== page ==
Department of Telecommunications (DoT) officials have been holding discussions with security agencies and other relevant ministries over the last few weeks on whether only critical equipment or all gear from China should be banned, a senior official aware of the discussions told ET.
The official added that a decision should be taken soon, as telcos would need clarity before going into spectrum auctions slated for the January-March quarter of 2021. Another official familiar with the matter said defining what constitutes ‘critical equipment’ could be difficult. Unlike in the case of 2G and 3G networks, where the distinction could be clearly made, the lines have got blurred with increasing convergence and new technologies such as 5G.
The amendment might not specifically bar Chinese companies but could use language similar to the Press Note 3 issued by the Department of Promotion of Industry and Internal Trade (DPIIT) in April. It refers to an entity of a country “which shares land border with India or where the beneficial owner of an investment into India is situated in or is a citizen of any such country”, while stipulating that such entities would require government permission for investing in India.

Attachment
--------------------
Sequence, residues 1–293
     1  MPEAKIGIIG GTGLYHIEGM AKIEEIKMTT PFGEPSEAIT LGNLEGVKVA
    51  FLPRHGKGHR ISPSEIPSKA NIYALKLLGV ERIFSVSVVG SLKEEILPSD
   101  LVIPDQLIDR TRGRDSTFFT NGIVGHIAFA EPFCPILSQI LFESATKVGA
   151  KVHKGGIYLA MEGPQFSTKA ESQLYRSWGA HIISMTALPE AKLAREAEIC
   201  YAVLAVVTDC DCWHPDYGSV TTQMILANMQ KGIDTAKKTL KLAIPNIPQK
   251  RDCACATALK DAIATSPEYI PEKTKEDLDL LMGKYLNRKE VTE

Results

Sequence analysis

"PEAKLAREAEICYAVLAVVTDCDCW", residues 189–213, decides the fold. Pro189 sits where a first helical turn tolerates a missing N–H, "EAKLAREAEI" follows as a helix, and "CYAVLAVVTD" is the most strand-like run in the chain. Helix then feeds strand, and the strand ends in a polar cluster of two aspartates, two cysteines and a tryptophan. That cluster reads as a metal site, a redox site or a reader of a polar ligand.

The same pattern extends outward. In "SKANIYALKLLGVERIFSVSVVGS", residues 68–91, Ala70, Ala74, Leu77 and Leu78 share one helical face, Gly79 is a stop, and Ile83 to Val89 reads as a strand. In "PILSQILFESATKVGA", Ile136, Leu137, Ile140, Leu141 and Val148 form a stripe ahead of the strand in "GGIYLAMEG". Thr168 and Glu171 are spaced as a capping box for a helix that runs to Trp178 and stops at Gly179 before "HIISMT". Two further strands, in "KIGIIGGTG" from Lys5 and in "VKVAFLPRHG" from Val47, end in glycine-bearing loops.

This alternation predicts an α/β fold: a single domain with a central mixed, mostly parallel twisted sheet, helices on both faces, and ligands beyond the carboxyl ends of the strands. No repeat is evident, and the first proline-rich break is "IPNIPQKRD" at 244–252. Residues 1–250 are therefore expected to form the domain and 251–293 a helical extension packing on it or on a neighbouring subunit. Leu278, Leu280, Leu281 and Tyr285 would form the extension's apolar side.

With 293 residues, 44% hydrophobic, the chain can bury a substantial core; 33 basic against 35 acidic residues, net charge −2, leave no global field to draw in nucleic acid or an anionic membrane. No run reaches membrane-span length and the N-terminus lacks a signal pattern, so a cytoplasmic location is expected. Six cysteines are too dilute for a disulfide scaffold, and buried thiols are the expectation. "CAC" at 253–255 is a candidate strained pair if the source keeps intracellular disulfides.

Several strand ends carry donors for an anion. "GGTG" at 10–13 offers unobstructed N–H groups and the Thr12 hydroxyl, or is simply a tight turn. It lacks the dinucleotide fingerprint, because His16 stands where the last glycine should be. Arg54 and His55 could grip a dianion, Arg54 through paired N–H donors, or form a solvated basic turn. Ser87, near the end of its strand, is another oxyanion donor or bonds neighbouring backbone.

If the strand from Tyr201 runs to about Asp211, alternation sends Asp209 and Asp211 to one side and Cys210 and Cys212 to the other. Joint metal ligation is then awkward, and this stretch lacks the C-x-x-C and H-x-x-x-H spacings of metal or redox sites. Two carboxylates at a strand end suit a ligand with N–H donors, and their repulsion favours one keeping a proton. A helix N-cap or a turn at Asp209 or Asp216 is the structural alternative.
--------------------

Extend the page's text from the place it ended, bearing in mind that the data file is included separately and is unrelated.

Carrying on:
Move to raise costs of telecom companies
Amending licence rules to mandate telcos to phase out Chinese equipment over the next few years is being considered as well. The number of years could be decided in consultation with private telecom players, since there is a significant cost attached to this and carriers say they would need at least two to three years to do so.
India has joined the US in highlighting security concerns around Huawei and ZTE, especially in the wake of heightened border tensions with China. New Delhi has already barred state-run carriers BSNL and MTNL from sourcing equipment from Huawei and ZTE, but hasn’t explicitly given any such directions so far to private telecom players.
Home secretary Ajay Kumar Bhalla earlier this month said that the government has not taken a call on allowing Chinese telecom companies to do 5G trials or deployments. He said their penetration into the existing network was too extensive. “Unless we have a substitute available, we just can’t switch off and say that this will not be allowed. But the government can definitely make special safeguards and ensure the safety and security of the system of communication of the country. That we are having and we are developing…,” he said.
Experts say replacing Chinese gear makers with European companies such as Ericsson and Nokia or even Korea’s Samsung could push up deployment costs by 15-20% for telcos.